Now let’s look at what is left on your list that you need to actually do yourself.
Easy/Annoying/Low input tasks
Grab another piece of paper and get ready to go through your Master List again. This time you are looking for those tasks that probably won’t take long to do, but you’ve been ignoring or avoiding them. Things like bills that need to be paid, phone calls that need to be made, orders you need to place, etc. If you can put them off for a bit, then add them to your Later list. But if they really need to be done now and they don’t take a lot of preparation to get them done, put them all on one list. We’ll talk about how to tackle these later.
The important stuff
Now, finally, what should be left on your Master List is the most important stuff that needs to be done this week. Most of this probably has hard due dates. Some of it will have multiple steps. It’s the stuff you simply can’t drop but will take some time and energy to complete. Go through this list and start to label WHEN things need to happen. If you are having a party on Saturday, then write that down. Does that mean you need to order food on Wednesday? Write that down. Do you have a work project due on Friday? Record that. What needs to happen on earlier days so that your final goal is reached? Add things to your list at this point if you need to. Make sure you assign every task a date to complete it.
Now, take more pieces of paper (I told you you’d need a bunch!) and label them with the days of the week starting today. Go through your Master List and start plugging those list items into the days when they need to be accomplished. I personally try at this point to separate my work and my home tasks. So Wednesday I might need to make calls for ____, email 3 people, work on the presentation for Friday, etc. Once I get home, my list turns toward preparing for the event happening on the weekend, grocery shopping, etc.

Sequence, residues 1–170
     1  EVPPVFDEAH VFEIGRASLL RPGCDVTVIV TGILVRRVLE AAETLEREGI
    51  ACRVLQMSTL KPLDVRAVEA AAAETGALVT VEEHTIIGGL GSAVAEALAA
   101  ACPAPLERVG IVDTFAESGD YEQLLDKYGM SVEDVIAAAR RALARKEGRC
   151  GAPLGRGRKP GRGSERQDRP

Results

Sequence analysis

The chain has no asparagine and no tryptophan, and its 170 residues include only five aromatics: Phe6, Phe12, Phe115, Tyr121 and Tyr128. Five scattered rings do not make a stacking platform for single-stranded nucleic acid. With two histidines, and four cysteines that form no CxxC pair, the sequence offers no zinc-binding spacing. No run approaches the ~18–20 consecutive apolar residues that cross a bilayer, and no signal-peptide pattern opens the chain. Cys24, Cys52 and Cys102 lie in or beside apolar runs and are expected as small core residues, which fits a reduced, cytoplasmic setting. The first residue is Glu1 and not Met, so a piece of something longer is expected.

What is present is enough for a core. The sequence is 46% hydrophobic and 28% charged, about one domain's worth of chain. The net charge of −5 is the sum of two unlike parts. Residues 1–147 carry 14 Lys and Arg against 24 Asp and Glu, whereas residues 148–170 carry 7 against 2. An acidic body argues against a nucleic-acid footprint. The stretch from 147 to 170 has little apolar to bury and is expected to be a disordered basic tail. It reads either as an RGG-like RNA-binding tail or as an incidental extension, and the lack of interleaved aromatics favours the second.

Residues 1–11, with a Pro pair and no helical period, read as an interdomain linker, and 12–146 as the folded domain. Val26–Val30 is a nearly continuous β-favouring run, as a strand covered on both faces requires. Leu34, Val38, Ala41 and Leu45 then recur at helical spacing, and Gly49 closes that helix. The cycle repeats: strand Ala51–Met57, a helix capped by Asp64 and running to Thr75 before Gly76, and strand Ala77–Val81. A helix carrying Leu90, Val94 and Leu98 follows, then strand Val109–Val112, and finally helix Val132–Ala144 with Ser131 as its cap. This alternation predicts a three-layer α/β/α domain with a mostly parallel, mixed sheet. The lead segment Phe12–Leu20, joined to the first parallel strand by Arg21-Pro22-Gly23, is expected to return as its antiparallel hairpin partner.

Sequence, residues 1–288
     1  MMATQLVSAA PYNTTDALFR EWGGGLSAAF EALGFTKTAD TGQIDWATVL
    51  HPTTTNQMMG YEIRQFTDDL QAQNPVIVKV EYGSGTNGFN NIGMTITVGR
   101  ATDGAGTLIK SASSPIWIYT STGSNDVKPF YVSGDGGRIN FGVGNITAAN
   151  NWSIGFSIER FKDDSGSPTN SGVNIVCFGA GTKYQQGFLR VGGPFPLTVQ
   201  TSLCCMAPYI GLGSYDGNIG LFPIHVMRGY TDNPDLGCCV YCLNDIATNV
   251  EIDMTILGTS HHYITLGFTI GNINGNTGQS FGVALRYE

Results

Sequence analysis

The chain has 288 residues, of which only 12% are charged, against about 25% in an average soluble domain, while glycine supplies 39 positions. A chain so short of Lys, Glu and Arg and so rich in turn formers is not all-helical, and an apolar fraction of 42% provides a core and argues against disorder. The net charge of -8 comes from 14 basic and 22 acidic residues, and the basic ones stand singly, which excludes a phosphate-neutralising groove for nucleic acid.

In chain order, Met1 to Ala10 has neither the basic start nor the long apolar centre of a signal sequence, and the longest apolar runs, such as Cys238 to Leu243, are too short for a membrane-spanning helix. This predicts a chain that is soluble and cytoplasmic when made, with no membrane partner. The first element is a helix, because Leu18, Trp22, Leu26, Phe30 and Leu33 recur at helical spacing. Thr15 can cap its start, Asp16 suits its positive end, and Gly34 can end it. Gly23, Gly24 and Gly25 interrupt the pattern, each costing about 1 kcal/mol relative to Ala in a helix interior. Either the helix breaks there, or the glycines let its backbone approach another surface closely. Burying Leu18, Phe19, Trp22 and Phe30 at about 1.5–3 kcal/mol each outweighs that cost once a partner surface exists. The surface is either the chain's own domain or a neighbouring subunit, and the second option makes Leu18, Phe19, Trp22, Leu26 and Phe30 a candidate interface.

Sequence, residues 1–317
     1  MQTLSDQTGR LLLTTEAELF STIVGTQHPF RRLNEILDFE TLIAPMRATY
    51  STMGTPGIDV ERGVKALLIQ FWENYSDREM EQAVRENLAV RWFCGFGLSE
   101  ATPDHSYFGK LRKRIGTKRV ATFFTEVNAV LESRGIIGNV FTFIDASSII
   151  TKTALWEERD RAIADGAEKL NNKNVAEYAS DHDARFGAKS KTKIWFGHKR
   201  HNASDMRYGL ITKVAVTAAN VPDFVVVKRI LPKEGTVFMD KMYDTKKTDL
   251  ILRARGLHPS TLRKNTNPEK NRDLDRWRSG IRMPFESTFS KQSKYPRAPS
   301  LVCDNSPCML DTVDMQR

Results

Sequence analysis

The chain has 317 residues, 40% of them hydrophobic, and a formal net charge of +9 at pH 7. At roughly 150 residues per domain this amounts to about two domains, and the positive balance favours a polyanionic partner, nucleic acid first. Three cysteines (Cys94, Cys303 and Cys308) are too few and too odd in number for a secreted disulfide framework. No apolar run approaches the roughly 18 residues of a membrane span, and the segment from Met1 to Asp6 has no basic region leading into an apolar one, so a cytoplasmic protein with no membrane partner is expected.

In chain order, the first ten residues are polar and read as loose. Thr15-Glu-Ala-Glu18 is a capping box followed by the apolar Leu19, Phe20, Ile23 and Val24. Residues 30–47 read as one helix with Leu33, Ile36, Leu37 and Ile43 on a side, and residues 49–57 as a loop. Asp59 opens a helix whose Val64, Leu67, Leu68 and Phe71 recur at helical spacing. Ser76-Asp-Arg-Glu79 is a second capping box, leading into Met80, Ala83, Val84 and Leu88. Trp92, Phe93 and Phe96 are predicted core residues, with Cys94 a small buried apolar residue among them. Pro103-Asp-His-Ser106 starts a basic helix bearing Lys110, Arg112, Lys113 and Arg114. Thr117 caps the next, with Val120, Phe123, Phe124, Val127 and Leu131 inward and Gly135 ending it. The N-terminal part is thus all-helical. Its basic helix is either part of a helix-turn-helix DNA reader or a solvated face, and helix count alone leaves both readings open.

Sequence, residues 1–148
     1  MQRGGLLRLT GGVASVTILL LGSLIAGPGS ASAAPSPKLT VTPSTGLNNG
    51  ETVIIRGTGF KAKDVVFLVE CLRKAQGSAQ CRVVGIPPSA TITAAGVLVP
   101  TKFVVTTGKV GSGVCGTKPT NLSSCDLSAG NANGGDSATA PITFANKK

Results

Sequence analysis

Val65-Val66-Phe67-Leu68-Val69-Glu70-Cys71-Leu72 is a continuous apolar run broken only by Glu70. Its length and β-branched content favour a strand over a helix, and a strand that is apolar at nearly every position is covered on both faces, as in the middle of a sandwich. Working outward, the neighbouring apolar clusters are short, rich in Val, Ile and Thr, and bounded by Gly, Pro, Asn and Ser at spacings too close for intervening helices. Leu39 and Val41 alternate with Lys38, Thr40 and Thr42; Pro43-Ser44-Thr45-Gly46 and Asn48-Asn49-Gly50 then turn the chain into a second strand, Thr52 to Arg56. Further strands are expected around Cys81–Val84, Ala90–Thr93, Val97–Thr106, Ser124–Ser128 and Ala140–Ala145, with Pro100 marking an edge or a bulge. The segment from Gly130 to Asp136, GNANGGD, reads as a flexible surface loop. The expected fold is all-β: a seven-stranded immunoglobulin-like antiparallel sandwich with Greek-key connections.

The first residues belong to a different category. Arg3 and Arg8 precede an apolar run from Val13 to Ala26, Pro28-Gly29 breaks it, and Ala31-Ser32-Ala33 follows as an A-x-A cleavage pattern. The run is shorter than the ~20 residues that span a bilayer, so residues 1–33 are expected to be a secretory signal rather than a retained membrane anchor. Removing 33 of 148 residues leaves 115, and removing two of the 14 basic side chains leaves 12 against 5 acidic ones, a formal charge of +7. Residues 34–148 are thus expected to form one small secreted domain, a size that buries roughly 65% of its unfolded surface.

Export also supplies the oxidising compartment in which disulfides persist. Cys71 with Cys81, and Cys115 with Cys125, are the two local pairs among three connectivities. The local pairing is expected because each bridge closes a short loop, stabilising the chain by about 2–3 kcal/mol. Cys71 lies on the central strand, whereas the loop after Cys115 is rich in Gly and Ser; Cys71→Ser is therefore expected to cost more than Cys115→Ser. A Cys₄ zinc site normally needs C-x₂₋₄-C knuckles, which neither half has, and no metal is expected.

What we are trying to do here is get an idea of what needs to be accomplished each day to meet the deadlines you have determined for the big tasks in your life. It also gives you an opportunity to see if any one day is going to be completely overloaded with tasks. Maybe you need to shift your tasks a bit to accommodate. Or maybe your wildly busy Thursday will be a good day to eat leftovers because you won’t have time to cook. This is the time to figure that out so you are ahead of the game and not panicking all week.
Hey, look at all you’ve done! Now you have a plan for when things need to happen. Your brain feels less overwhelmed because we’ve taken that whole, messy pile of tasks and assigned them to dates, dumped some off on other people, and gotten rid of others we just can’t deal with right now. This exercise is extremely calming for your mind and your body. Usually after doing this, what felt impossible now feels very doable. Collectively, all these lists are your PLAN to conquer your week and get it all done!